The Health of the Nations


    THE International Council of Women, of which the Countess of Aberdeen is president, was formed in 1888 by “a company of earnest American women” (p. 7). The result of their efforts was a federation of national councils, or unions, or associations, of women working for the common welfare. Mrs. Ogilvie Gordon sketches in this small volume the history of the council, noting the resolutions of its quinquennial meetings in the various countries, and summarising, for the year 1909, certain “special reports “prepared by representative women in Europe, America, and other continents. The movement is ambitious, and it is almost needless to say that the “special reports” here collated are of the most generalised kind. In a brief 200 pages of well-leaded print, it is not possible to give a passable summary of the “health” even of one nation, not to speak of the twenty-one “nations,” or countries, here dealt with. But it is gratifying to find some twenty-two national councils of women (p. 12) sufficiently interested in general hygiene to produce even these somewhat sketchy “reports.”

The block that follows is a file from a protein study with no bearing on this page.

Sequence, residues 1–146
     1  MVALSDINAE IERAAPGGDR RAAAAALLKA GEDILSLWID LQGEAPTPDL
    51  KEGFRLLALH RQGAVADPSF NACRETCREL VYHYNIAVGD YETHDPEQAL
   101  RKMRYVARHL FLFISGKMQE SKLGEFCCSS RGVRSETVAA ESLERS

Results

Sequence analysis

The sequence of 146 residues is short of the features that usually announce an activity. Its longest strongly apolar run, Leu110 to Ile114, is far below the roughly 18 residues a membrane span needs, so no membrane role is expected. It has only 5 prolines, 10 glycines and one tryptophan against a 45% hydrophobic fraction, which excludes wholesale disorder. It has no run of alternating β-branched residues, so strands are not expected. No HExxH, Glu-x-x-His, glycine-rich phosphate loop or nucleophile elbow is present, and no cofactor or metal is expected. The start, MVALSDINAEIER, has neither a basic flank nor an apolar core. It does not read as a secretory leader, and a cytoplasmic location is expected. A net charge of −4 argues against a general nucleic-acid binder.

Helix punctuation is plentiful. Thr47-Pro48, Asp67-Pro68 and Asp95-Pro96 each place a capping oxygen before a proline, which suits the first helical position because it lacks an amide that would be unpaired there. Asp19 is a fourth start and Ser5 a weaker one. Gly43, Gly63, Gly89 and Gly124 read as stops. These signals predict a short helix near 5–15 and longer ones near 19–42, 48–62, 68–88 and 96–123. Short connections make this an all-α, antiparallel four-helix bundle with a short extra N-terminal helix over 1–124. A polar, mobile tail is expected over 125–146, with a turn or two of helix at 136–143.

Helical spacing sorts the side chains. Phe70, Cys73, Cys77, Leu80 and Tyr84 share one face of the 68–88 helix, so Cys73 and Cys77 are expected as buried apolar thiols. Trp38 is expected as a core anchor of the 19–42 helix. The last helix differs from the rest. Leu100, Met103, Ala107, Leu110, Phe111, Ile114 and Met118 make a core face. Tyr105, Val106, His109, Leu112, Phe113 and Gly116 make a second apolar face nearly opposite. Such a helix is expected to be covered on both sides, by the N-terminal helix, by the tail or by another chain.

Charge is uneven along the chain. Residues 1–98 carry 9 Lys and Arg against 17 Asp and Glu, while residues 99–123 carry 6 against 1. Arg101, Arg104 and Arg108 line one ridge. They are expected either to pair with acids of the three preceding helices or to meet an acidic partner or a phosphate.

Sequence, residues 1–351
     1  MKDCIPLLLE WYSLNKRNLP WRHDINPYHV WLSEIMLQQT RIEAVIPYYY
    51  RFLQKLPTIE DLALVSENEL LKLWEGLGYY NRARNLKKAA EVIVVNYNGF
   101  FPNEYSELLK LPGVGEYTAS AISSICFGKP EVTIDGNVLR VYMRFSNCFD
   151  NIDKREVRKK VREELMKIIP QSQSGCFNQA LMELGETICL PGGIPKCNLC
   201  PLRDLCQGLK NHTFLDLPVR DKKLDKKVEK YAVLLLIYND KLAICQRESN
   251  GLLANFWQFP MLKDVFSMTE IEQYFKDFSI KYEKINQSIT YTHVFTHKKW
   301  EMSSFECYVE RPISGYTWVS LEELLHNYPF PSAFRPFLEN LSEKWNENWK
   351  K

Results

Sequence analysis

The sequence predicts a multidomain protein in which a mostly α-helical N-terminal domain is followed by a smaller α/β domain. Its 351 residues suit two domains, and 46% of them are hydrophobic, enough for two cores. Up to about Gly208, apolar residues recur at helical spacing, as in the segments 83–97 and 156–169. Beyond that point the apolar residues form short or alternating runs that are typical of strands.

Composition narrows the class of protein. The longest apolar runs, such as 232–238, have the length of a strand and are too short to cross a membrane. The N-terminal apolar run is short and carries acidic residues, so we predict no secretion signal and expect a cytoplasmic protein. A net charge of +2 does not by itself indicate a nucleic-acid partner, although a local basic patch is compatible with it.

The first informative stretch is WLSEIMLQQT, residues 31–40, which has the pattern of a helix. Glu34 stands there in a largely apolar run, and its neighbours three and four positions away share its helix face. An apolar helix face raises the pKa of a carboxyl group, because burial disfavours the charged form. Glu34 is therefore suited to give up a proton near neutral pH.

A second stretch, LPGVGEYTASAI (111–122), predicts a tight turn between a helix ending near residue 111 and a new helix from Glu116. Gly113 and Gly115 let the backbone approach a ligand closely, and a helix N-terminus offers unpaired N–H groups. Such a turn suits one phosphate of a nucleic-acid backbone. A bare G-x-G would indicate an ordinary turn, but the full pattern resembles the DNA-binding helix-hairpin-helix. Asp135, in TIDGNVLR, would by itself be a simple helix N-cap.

The Health of the Nations.

    Compiled from Special Reports of the National Councils of Women. Pp. 191. (London: Constable and Co., Ltd., 1910.) Price 1s. net.

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    The Health of the Nations . Nature 83, 424–425 (1910).

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